• Structured mediation practices – what will they look like? How do you document?
  • How do you distinguish between skill acquisitions that the teacher and the ABA provider are responsible for?
  • How does the RBT receive instruction from both professionals? Whose recommendations take priority and for what content area?

Barrier #2: Differences in Education and Training

It is very important to know that each professional has a different set of training and skills. Over the course of time, behavior analysts have increased their research in some areas related to education. This includes precision teaching, DTT, and various other teaching modalities that are often used in ABA to teach academic content. However, it must be clear that BCBAs are not trained in education. Although BCBAs have successfully taught academic content through interventions based on behavior analysis, they are not trained in curriculum design and instruction. I have often experienced BCBAs recommend behavior-based programming that requires more time and attention than the teacher can feasible accomplish.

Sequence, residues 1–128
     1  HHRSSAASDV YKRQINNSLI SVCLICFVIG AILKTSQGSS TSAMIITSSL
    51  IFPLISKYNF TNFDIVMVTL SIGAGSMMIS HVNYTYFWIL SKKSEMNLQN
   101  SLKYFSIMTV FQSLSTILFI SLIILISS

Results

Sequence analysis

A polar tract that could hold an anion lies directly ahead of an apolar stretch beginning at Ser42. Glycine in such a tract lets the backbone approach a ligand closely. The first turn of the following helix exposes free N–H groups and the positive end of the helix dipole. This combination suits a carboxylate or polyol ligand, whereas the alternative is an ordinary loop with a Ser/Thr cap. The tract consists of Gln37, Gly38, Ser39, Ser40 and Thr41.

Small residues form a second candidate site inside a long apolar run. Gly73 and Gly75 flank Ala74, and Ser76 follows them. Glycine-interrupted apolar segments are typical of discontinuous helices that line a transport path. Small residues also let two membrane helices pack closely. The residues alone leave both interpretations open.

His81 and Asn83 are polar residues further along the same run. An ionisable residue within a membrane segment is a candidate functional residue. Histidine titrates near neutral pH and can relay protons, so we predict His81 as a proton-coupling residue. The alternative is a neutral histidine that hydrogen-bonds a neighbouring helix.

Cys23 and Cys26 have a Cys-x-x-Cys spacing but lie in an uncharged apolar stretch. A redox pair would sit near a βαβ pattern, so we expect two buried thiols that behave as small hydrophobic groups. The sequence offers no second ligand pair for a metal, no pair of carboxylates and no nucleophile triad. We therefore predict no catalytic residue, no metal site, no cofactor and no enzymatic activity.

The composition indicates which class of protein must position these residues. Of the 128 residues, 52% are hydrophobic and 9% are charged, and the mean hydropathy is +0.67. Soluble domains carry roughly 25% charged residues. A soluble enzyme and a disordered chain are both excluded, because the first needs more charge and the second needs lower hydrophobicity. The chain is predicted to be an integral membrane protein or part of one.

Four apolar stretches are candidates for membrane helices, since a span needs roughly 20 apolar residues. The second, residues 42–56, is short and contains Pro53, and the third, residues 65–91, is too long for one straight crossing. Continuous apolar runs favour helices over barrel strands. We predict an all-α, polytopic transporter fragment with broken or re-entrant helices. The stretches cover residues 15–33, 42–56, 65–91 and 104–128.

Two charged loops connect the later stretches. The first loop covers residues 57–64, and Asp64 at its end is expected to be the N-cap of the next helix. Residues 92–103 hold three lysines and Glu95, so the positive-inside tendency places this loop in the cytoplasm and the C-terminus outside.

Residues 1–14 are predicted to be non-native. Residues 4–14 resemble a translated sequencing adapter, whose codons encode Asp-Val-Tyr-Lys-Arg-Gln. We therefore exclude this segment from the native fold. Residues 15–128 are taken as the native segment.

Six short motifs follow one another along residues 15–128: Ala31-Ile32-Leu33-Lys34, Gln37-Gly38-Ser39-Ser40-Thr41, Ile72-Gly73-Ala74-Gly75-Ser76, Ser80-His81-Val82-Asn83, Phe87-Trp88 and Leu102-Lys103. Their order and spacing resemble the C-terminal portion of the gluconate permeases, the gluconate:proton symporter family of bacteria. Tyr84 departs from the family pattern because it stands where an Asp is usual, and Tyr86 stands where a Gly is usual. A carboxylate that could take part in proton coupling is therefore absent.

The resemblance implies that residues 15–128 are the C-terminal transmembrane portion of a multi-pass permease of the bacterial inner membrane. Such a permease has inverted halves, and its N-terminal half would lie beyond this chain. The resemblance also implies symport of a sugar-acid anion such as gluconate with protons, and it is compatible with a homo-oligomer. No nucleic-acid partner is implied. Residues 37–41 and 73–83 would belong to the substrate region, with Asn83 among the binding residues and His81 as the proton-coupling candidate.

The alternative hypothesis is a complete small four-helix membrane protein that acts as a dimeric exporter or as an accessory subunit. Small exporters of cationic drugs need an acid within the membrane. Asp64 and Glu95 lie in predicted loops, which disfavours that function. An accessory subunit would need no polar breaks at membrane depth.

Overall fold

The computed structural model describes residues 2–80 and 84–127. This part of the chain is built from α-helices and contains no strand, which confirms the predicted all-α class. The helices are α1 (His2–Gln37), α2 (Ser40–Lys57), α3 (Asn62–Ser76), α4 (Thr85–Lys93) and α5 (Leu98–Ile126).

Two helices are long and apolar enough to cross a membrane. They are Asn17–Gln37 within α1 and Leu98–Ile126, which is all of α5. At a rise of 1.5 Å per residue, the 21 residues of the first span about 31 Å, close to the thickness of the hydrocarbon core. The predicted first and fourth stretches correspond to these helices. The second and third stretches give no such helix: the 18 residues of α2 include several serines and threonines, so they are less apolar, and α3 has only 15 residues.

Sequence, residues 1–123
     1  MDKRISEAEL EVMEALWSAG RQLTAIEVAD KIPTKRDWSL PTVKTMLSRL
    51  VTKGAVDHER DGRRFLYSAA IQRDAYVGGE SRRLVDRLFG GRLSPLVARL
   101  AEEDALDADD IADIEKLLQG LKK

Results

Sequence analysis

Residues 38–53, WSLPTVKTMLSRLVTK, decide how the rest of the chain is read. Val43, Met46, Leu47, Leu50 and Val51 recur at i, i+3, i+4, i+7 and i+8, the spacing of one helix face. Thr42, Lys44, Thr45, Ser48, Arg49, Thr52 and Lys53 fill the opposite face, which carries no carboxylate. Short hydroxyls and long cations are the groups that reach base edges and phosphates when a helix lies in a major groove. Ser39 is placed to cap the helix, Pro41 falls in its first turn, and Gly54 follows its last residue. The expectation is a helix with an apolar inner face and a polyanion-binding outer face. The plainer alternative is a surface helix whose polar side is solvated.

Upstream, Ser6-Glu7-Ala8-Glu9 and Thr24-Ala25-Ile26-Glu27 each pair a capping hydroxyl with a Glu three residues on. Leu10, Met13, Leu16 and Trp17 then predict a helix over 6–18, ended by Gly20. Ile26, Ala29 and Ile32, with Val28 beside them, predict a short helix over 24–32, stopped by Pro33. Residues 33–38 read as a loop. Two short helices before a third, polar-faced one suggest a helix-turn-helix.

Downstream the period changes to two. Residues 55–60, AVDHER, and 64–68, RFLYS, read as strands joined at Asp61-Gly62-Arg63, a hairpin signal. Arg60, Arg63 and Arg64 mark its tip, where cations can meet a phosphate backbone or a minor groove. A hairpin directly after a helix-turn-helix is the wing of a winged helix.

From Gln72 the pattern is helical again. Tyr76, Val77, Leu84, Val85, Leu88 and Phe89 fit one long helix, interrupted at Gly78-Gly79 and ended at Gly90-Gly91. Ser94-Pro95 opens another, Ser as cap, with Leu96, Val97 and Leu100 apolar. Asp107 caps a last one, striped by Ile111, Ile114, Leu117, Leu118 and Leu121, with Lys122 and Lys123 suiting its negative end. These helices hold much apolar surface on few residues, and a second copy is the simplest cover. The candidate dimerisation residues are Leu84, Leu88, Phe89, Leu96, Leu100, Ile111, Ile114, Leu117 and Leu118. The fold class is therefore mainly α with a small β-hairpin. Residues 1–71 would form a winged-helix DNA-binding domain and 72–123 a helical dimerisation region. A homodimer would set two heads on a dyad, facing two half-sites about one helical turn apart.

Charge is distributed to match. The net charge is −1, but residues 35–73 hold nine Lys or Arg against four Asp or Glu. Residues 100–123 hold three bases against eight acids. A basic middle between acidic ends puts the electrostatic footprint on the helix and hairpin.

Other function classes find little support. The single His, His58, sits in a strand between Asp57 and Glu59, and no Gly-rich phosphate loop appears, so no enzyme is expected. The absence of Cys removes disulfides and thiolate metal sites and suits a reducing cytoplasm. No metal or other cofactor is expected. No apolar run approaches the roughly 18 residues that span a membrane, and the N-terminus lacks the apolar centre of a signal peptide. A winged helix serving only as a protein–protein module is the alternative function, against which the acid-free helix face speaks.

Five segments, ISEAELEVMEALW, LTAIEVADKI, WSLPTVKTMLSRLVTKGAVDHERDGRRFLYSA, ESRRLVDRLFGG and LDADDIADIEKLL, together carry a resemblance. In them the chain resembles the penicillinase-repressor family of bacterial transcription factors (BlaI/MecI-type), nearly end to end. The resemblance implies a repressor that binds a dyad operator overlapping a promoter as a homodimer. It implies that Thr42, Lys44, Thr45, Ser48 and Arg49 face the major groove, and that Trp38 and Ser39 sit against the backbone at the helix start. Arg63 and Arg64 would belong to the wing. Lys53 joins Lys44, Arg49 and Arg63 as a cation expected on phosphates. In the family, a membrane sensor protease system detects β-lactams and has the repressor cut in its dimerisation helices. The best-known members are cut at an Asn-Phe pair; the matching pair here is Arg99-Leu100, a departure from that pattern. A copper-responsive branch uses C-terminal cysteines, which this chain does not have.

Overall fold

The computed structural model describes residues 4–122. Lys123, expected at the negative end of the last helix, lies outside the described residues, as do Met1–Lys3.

On the other hand, teachers are not trained in behavior management which is much different than classroom management. My personal experience in my Master’s program for Special Education did not prepare me to handle the extreme behaviors I had in my classroom. These behaviors, unfortunately, kept me from teaching as much academic content as I needed to.

Solution #2: Cohesive and Comprehensive Education and Training

Both teachers and BCBAs need to continue their education on topics within each other’s fields. In the larger scope, I would love to see the blending of these two topics at the university level as well as more offerings of CEU trainings on both topics.